Mentions: We transfected PEFs with single or double PB vectors with pTrans, a PB transposase expression vector (Figure 1A), to test gene transfer efficiency in the PB-based gene delivery system. As controls, PB vectors (without pTrans) were concomitantly introduced as described in the Materials and Methods. The gene transfer efficiency was evaluated by calculating the number of emerging stable transfectants after drug selection. The results are shown in Figure 1B. As expected, transfection with a single PB vector (pT-pac) + pTrans yielded 176 colonies, but with pT-pac alone resulted in only 45 colonies, indicating approximately four-fold higher gene transfer efficiency in this PB-based system. Transfection with double PB vectors (pT-pac + pT-hph) + pTrans yielded 22 colonies, whereas the double PB vectors alone failed to generate any viable colonies. Thus, gene transfer efficiency in transfectants with double PB vectors was reduced approximately seven-fold compared to that observed in transfectants with only a single PB vector. Given these results, we concluded that the PB system confers higher gene transfer efficiency in porcine cells.

View Article: PubMed Central - PubMed

ABSTRACT

The introduction of multigene constructs into single cells is important for improving the performance of domestic animals, as well as understanding basic biological processes. In particular, multigene constructs allow the engineering and integration of multiple genes related to xenotransplantation into the porcine genome. The piggyBac (PB) transposon system allows multiple genes to be stably integrated into target genomes through a single transfection event. However, to our knowledge, no attempt to introduce multiple genes into a porcine genome has been made using this system. In this study, we simultaneously introduced seven transposons into a single porcine embryonic fibroblast (PEF). PEFs were transfected with seven transposons containing genes for five drug resistance proteins and two (red and green) fluorescent proteins, together with a PB transposase expression vector, pTrans (experimental group). The above seven transposons (without pTrans) were transfected concomitantly (control group). Selection of these transfected cells in the presence of multiple selection drugs resulted in the survival of several clones derived from the experimental group, but not from the control. PCR analysis demonstrated that approximately 90% (12/13 tested) of the surviving clones possessed all of the introduced transposons. Splinkerette PCR demonstrated that the transposons were inserted through the TTAA target sites of PB. Somatic cell nuclear transfer (SCNT) using a PEF clone with multigene constructs demonstrated successful production of cloned blastocysts expressing both red and green fluorescence. These results indicate the feasibility of this PB-mediated method for simultaneous transfer of multigene constructs into the porcine cell genome, which is useful for production of cloned transgenic pigs expressing multiple transgenes.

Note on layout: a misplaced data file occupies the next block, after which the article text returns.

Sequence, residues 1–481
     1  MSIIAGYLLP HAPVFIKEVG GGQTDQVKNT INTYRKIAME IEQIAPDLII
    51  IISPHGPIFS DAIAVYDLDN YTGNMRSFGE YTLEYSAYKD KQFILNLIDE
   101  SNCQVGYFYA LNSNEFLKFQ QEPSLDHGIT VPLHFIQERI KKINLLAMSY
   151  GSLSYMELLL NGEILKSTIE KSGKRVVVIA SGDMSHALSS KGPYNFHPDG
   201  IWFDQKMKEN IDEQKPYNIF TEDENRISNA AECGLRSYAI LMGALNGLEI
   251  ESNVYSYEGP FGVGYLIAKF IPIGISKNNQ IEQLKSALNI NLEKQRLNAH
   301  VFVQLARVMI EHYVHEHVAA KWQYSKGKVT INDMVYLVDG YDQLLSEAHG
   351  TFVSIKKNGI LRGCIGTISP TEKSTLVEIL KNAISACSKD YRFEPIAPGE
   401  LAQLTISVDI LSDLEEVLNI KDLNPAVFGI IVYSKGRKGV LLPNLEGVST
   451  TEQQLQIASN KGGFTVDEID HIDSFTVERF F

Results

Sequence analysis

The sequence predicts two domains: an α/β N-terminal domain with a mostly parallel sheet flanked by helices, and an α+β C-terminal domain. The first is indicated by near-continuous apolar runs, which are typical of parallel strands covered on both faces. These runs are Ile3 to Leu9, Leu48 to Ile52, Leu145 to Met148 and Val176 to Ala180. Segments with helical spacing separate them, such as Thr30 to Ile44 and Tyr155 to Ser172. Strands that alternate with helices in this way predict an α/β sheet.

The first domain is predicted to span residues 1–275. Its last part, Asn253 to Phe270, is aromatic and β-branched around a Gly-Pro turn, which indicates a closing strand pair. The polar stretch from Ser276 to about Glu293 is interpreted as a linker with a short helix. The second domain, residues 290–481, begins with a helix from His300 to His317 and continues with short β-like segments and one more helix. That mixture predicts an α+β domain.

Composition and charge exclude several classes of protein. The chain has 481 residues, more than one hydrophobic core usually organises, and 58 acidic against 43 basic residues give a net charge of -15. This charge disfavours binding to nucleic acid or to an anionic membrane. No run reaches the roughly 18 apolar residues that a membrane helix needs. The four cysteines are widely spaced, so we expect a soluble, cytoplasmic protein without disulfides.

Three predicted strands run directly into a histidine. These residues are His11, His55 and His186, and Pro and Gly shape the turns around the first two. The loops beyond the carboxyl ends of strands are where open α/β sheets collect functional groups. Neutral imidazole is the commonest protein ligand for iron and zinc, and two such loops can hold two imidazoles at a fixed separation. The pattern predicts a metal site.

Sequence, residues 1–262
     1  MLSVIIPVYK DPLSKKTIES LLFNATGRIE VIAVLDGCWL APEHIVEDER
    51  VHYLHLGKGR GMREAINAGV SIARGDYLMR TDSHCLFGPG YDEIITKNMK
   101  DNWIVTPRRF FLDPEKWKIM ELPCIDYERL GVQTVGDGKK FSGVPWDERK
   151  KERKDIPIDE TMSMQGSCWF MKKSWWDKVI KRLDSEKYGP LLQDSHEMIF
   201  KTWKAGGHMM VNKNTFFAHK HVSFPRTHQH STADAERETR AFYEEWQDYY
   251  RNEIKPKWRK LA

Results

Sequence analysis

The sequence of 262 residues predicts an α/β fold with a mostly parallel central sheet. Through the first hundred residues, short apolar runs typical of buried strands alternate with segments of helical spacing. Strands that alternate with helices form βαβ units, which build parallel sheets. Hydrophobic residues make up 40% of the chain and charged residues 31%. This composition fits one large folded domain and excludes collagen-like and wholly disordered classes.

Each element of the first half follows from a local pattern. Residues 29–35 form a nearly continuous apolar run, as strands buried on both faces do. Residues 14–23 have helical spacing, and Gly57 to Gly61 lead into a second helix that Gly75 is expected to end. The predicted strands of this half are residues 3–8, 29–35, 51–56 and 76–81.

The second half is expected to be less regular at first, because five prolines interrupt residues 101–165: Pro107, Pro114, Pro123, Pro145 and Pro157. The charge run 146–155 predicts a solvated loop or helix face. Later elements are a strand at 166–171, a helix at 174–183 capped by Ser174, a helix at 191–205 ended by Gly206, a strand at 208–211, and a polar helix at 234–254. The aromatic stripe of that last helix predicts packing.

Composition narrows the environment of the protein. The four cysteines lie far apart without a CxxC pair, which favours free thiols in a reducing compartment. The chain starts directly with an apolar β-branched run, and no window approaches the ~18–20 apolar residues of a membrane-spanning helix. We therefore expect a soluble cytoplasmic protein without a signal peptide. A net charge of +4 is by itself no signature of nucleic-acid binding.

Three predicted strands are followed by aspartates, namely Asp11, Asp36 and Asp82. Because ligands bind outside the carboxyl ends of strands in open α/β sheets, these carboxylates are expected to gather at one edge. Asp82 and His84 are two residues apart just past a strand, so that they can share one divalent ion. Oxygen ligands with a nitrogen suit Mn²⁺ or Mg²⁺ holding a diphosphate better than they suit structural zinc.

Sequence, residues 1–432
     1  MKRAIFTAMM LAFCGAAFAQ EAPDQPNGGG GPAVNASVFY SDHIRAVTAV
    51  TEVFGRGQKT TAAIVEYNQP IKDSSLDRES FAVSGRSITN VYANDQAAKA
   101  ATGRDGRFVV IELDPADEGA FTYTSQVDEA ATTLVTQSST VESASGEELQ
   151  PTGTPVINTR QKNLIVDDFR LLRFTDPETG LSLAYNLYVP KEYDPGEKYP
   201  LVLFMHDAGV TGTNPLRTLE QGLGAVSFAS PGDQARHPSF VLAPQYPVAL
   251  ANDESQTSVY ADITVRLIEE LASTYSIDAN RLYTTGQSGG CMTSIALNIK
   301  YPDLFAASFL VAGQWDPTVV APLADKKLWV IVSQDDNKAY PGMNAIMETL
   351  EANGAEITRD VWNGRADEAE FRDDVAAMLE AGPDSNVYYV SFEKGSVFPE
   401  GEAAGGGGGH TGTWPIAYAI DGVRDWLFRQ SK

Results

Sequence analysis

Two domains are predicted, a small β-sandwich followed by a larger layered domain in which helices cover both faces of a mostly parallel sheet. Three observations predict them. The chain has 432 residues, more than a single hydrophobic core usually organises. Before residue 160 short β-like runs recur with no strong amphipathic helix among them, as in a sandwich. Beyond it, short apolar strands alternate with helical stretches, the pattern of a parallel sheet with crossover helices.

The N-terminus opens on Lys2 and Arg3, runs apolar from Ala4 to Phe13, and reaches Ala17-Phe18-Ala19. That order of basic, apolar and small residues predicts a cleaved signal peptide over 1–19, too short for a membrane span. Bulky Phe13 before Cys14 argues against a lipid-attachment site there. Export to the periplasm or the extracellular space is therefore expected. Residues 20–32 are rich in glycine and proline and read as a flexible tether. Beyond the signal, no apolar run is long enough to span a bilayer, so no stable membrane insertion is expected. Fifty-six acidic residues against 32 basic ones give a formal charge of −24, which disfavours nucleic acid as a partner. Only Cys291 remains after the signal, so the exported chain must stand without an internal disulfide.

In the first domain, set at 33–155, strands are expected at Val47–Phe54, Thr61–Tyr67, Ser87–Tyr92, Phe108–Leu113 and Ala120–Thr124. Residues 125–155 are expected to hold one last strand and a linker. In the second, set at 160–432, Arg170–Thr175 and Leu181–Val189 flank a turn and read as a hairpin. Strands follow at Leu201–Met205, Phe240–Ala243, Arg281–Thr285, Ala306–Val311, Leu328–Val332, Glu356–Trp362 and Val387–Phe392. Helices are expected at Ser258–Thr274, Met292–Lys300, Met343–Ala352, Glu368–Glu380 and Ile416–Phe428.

No MeSH data available.


Related in: MedlinePlus